I’m going to be moving back to the United States after having lived abroad for a few years. In coming back to the country, do I have to follow the same rules as returning tourists ($400 duty-free allowance, 10% after that) or are there some special rules? I did a quick search on google (having failed to find anything on the customs website) which brought up some results suggesting that in at least some countries, posessions held 6 months prior to returning home are duty-free. Any chance that the US is like that? Because I really don’t fancy the idea of having to pay a 10% tax on everything I’ve acquired over the last few years.
I think you’re right - ordinary personal possessions are treated differently than purchases made during a brief trip abroad. Why don’t you talk to whatever company is going to be shipping your stuff? They usually take care of Customs issues anyway.
How about contacting the embassy in Japan? If anyone should have the right information it should be them.
I don’t have MS Word on my machine, but it looks like this DOC file off of the U.S. Customs website might help.
Hey, TextEdit can read DOC files! Cool.
How long is “a few years”? If it’s more than three, you can enter as a “non-resident”, and you’ll be treated as a first-time immigrant to the country for Customs purposes. If not, you’ll be considered a “returning resident.” This distinction only really affects how much you can bring in in the way of gifts, alcohol, tobacco, and firearms, though; for both cases,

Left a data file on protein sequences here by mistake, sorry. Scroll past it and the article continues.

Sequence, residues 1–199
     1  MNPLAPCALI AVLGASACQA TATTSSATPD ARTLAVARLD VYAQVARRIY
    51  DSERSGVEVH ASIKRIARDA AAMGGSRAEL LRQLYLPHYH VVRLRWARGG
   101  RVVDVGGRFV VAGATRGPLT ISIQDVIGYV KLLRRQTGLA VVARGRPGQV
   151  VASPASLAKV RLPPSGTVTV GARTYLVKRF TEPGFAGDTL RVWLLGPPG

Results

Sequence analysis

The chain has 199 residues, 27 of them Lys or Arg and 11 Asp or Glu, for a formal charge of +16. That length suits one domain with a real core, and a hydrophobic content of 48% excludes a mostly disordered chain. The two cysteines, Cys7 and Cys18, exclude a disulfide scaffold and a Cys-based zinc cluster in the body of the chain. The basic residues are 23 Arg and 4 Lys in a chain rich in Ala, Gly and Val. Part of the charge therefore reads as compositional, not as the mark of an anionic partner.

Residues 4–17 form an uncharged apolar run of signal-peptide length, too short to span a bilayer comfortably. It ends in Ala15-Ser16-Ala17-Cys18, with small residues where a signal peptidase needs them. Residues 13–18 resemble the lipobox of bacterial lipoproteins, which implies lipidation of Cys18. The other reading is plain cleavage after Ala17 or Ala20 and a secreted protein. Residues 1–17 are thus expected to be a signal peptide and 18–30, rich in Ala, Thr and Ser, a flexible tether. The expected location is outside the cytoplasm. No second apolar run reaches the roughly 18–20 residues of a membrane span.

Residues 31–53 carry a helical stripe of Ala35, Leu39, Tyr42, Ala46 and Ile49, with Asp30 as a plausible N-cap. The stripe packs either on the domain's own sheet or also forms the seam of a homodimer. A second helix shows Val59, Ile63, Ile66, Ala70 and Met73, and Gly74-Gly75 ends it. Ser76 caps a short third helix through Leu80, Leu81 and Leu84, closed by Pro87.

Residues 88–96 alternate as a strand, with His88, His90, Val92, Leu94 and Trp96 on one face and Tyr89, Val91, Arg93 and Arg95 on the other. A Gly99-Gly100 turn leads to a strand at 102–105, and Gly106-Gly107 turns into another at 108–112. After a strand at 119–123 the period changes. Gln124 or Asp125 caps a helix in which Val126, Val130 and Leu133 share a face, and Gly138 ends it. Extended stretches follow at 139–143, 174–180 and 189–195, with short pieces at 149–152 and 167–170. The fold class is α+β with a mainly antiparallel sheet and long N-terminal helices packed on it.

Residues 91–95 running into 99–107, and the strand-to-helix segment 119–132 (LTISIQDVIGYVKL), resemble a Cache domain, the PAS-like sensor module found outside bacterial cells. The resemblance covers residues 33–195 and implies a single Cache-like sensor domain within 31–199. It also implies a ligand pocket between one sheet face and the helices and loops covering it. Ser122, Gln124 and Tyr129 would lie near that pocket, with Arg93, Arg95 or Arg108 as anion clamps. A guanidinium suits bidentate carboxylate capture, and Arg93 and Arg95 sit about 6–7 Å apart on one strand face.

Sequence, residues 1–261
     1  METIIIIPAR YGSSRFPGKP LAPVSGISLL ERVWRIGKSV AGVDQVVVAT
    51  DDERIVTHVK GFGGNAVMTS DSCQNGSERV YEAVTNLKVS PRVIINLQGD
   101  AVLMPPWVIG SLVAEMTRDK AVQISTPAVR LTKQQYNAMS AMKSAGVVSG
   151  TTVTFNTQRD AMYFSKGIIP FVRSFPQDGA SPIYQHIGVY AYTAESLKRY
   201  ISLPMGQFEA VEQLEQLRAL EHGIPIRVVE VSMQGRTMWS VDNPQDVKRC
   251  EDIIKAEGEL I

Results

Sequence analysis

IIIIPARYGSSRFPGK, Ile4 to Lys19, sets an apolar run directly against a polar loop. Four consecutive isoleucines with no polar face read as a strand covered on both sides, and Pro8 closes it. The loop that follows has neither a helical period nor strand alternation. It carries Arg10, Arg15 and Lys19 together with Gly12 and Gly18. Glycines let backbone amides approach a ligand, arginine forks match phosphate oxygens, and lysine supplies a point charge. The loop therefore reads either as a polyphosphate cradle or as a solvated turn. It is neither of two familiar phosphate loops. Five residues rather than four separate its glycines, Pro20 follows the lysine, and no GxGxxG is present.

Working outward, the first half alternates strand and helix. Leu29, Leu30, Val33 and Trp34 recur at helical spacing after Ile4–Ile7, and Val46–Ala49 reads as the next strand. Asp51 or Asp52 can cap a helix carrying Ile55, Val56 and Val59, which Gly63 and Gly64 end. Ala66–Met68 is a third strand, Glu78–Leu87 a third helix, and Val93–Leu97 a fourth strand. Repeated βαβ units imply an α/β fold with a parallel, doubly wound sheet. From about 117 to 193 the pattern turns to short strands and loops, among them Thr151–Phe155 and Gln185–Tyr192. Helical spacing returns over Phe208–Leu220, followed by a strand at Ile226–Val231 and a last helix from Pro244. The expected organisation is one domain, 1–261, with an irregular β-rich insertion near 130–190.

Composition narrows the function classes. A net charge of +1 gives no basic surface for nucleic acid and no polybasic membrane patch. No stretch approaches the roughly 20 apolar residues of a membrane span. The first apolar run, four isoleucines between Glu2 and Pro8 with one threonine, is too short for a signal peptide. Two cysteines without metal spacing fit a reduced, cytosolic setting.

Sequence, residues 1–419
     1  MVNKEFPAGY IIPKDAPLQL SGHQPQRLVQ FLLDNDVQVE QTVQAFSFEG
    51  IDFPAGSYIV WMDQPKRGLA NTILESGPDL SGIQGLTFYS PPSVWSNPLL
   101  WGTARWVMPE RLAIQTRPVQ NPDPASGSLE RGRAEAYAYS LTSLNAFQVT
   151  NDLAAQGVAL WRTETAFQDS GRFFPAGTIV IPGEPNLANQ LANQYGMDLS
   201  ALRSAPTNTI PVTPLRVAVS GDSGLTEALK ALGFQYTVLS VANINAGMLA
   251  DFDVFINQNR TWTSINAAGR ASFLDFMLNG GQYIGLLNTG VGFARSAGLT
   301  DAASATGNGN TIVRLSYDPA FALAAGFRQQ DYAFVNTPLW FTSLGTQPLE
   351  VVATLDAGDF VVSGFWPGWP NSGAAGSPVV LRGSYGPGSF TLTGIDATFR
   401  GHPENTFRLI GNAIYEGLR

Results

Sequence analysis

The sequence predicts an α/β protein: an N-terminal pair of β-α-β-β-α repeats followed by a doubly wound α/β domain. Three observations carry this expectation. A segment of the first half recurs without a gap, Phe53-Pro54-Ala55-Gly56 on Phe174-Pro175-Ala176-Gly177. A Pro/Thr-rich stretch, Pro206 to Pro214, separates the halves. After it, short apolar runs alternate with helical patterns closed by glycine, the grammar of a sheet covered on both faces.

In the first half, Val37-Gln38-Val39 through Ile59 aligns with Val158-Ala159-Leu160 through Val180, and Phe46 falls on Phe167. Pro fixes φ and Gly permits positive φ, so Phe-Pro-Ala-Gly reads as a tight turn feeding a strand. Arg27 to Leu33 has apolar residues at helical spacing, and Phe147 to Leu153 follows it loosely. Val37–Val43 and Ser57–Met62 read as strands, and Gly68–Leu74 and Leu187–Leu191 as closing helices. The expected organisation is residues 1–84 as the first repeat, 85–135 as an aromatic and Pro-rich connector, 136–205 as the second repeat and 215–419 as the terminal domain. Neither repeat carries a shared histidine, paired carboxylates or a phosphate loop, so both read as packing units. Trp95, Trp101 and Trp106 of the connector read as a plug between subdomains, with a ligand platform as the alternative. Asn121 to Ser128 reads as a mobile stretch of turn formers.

I won’t be using a shipping company. Most of what I’m taking back with be accompanying me at the airport.
Didn’t find anything on their website, but I’ll e-mail them.
2 years, 363 days.
Thanks for the doc. It seems right on. If I’m reading the section entitled ‘General Procedures for Importing Household and Personal Effects’ correctly, I should be in the clear. My primary concern was having to pay duties on my CDs, DVDs, laptop, and software, which seems to be covered, judging by the sample invoice.
Just enough to carry with two bags?
If you have more than that, why not mail it back to the US? Besides, if you are moving back to the US and already have a job lined up, your trip home (and any shipping of belongings) meets the IRS requirement as moving expenses.